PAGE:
XA is better to carry in small pocket, RC will fir normal pockets.

shadowfox
06-03-2008, 06:56
Listen, this is not a big issue. And you're going about it in the wrong way IMHO.

You have to try both to know which one you prefer.
Only getting one of them will make you go crazy wondering what you missed on the other one.

Both of these cameras are not hard to find, not that expensive, and easy to sell in good condition, so just find ones that are in fully working condition.

After you used both for a while, make up your mind, and let go of the one you like the least.

Good chances that you will keep both ;)

And don't forget that XA ownership eventually leads to ... XA-4

http://farm3.static.flickr.com/2322/2226983454_7a051bb773.jpg

:D



They're both still deadlocked in my head! Argh..

I'm leaning towards the XA for its being all black, its compactness, as well as the fact that its batteries are easier to get (which lasts for about 1yr from what I've heard)..But still not sure..

What's easier to maintain/repair between the two?

P.S. Someone's offering me an Olympus 35RC for $45 (shipping included), but it's self-timer lever is missing..Is that a good price already?

dimitriroleda
06-03-2008, 08:07
@shadowfox
I'd love to get both, but I seriously don't have enough cash to purchase two..And I highly doubt I'd sell one of them, I'd probably use them on different occassions..XA for spontaneous, RC for planned ones hahaha!

@wallace
$33 for the adapter? That costs about 3/4 of the camera!

What other reliable batteries can I use with the Olympus 35RC?

wallace
06-03-2008, 08:19
@shadowfox
I'd love to get both, but I seriously don't have enough cash to purchase two..And I highly doubt I'd sell one of them, I'd probably use them on different occassions..XA for spontaneous, RC for planned ones hahaha!

@wallace
$33 for the adapter? That costs about 3/4 of the camera!

What other reliable batteries can I use with the Olympus 35RC?

The adapter is manufactured in small quantities, so the price seems fair. It is also possible to make your own adapter if you
can solder.
Well, you could also use simple hearing aid batteries. The only disadvantage is that they don't last very long, maybe 2 or 3 months, but they are cheap. It might also be possible to use silver batteries with 1,5V and compensate with ASA setting.
Never tried this out, still have some original quicksilver batteries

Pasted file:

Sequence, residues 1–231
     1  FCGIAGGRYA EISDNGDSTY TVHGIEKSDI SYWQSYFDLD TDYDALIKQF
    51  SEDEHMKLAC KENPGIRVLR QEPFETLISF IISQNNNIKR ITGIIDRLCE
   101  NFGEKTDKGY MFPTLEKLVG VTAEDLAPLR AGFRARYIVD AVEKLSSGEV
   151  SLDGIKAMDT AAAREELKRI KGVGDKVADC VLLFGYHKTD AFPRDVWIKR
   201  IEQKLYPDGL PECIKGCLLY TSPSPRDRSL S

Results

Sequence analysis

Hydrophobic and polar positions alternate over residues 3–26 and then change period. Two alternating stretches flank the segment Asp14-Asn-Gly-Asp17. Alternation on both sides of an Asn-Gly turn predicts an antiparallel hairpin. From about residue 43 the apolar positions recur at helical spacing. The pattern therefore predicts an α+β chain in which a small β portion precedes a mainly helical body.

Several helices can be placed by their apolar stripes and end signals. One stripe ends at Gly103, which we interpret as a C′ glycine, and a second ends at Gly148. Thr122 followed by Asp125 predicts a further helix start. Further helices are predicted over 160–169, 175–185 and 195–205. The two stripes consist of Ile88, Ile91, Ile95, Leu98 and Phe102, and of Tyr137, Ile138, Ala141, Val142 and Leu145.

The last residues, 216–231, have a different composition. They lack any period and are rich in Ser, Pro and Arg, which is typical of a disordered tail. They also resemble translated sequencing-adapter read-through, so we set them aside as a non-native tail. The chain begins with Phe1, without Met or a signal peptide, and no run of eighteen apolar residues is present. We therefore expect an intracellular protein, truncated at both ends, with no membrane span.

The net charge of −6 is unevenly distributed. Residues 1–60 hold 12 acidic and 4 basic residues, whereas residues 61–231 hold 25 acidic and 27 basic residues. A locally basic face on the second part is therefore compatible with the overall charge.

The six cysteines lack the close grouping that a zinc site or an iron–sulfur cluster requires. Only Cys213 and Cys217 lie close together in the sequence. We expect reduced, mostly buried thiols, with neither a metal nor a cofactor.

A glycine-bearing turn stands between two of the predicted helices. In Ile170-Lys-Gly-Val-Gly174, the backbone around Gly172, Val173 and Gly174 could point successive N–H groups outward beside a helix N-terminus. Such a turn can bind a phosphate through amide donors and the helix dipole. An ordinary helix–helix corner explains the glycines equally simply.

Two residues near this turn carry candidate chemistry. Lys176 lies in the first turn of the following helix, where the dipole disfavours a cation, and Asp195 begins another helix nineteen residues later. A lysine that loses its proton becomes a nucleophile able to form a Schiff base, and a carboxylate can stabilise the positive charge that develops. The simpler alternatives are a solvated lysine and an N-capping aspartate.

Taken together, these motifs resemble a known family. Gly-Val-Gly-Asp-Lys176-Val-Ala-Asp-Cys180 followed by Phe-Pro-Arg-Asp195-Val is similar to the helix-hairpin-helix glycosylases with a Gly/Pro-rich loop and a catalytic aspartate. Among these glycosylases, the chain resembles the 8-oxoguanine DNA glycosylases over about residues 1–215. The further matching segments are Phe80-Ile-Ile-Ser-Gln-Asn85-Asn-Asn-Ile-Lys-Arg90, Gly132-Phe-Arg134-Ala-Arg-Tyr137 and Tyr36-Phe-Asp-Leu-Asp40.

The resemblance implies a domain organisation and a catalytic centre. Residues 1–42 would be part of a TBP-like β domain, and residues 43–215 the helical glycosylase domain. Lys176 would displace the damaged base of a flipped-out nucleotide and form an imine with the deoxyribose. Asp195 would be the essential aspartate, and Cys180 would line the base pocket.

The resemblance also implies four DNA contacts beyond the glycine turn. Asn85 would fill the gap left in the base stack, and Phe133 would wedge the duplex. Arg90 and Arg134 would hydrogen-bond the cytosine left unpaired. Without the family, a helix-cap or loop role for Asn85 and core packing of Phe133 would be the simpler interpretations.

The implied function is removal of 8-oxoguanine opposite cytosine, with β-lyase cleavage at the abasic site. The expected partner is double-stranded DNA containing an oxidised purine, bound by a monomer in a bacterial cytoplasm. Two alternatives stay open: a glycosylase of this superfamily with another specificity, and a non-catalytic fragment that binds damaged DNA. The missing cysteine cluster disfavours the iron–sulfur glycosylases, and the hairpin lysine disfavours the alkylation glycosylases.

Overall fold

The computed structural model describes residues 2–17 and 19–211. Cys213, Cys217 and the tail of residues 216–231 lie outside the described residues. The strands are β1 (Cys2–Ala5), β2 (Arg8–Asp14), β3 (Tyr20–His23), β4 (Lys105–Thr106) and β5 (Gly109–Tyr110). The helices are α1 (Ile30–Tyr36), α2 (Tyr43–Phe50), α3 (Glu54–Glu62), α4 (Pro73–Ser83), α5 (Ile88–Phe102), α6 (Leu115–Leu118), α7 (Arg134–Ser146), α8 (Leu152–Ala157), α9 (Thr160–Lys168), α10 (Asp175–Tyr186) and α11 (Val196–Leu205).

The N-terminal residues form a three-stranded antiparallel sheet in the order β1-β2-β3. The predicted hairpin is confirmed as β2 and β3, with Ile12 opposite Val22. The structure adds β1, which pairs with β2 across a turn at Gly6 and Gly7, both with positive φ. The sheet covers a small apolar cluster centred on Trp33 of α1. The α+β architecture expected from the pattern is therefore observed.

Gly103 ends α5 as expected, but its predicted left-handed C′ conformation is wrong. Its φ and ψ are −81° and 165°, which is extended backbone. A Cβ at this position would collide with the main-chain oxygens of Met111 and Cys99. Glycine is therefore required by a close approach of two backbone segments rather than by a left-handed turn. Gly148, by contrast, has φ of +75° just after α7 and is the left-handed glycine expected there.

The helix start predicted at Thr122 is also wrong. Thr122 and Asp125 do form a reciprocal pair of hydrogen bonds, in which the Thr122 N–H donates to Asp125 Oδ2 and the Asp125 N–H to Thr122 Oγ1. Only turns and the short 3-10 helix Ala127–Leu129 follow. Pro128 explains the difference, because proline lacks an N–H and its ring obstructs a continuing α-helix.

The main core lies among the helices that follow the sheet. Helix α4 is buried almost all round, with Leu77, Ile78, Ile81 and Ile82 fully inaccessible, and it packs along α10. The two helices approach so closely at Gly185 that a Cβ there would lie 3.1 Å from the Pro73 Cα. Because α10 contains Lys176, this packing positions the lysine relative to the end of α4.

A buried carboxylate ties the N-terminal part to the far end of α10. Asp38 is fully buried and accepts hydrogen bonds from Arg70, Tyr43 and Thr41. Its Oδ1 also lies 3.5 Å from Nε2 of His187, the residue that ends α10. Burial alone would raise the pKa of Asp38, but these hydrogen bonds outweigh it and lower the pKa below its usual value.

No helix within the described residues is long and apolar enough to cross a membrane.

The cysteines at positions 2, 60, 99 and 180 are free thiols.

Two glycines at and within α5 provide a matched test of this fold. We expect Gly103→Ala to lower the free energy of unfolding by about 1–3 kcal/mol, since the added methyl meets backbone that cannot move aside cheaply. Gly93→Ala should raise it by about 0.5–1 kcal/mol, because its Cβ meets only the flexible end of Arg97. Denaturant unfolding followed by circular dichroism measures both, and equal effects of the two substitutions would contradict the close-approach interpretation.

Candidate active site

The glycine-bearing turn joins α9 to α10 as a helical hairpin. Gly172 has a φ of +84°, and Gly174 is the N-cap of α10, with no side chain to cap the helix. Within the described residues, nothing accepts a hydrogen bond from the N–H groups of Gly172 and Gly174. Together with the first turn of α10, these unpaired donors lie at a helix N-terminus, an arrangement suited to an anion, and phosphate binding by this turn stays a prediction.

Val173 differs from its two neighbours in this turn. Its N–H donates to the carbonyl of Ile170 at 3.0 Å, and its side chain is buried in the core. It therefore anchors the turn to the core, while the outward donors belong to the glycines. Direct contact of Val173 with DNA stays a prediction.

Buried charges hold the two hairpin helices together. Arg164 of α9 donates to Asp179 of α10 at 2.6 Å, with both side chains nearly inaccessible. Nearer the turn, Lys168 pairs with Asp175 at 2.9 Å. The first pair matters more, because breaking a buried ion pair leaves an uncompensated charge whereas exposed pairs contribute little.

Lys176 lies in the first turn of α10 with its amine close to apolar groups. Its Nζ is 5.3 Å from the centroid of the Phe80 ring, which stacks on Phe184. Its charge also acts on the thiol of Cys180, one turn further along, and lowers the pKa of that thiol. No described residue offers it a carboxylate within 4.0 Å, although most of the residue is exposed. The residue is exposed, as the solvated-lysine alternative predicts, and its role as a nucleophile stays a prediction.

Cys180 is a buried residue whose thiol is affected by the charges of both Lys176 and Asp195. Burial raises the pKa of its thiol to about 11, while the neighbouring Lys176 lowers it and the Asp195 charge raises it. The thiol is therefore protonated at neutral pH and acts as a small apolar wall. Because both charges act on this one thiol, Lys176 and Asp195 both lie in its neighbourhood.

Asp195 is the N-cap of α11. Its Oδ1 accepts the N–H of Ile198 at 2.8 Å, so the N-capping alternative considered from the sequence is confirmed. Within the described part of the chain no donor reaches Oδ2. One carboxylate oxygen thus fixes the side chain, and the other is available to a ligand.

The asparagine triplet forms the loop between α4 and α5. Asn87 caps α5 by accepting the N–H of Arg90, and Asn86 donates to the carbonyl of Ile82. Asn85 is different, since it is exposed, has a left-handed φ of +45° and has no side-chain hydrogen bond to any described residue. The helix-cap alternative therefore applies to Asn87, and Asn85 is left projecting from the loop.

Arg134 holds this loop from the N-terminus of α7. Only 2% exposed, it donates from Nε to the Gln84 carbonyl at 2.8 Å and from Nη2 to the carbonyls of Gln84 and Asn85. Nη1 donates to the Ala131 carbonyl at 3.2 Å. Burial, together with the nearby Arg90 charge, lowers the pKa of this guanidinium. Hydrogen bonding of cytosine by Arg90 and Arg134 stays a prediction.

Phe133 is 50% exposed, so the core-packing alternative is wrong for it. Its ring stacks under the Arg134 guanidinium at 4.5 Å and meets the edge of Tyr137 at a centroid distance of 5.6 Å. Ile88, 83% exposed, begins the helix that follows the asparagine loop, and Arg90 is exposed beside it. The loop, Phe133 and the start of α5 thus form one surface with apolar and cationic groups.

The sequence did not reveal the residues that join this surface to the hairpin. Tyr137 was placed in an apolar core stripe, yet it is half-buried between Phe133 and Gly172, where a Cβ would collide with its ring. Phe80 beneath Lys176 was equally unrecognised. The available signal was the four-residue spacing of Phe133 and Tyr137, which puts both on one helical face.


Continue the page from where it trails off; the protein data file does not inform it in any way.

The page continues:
which sometimes appear on evilbay. These last for years (if you don't forget to switch off the lightmeter...)

wallace
06-03-2008, 08:35
Check this out:

http://www.buhla.de/Foto/eQuecksilber.html

dimitriroleda
06-04-2008, 00:04
Check this out:

http://www.buhla.de/Foto/eQuecksilber.html

Thanks for the link! I might get the $45 Olympus 35RC..

Do you guys know of a website which shows how to repaint a camera?

ClaremontPhoto
06-04-2008, 00:13
I think the battery in an Olympus 35RC is there only for the meter.

The camera works fine without a battery; just you don't have a light meter.

You can sunny f16, or use any other camera (with a meter) to get a light reading for the day and stick with it for a couple of hours.

Yes, I understand you about budget, I too am in a place where GAS is what I use for cooking not some hobby of buying and selling cameras and bragging about it.

oscroft
06-04-2008, 00:15
And don't forget that XA ownership eventually leads to ... XA-4
Yep, that's exactly what happened to me :D

wallace
06-04-2008, 03:55
Thanks for the link! I might get the $45 Olympus 35RC..

Do you guys know of a website which shows how to repaint a camera?

That's what you need:

http://rick_oleson.tripod.com/index-134.html

http://feuerbacher.net/photo/frame.html?repair/OlympusRC/OlympusRC.html~Main (http://feuerbacher.net/photo/frame.html?repair/OlympusRC/OlympusRC.html%7EMain)

dimitriroleda
06-04-2008, 05:03
Thanks for all your help guys!

shadowfox
06-04-2008, 09:23
$33 for the adapter? That costs about 3/4 of the camera!



You don't need to pay $33 for that kind of adapter.
John Goodman sells those for $10.

Email him at [email protected] and ask for it.

maggieo
06-04-2008, 09:34
I shot with an XA and an F3 for almost twenty trouble-free years. Then I switched to digital. The original XA is just a treasure.

dimitriroleda
06-05-2008, 04:26
You don't need to pay $33 for that kind of adapter.
John Goodman sells those for $10.

Email him at [email protected] and ask for it.

Thanks for the info..That'll save me a lot haha :D

Spider67
06-05-2008, 04:57
Hi i do not have an XA. I have two RC´s.
The RC is nice to handle and does work without batteries. Sometimes the RF patch can be a bit weak. When compared to a Nikon 50mm the lens is great.
On the other side the XA is newer.

btgc
06-05-2008, 19:42
Hi i do not have an XA. I have two RC´s.
The RC is nice to handle and does work without batteries. Sometimes the RF patch can be a bit weak. When compared to a Nikon 50mm the lens is great.
On the other side the XA is newer.


Hi i also do not have an XA. I have RC waiting to be little bit refreshed and loaded.
Weak RF patch, "electronics stopped working" and "stuck advance" syndromes kept me off XA, taking price into consideration.

RC is my kind of camera, so I feel after just keeping it in hand. To be fair, shutter release on XA-series is (were) innovative, cool and red (judging from XA2 I use) though I prefer conventional button better. Also size - XA2 is simple camera, but if I would have to deal with focusing on it, not sure if I want knitting lessons with tiny lever.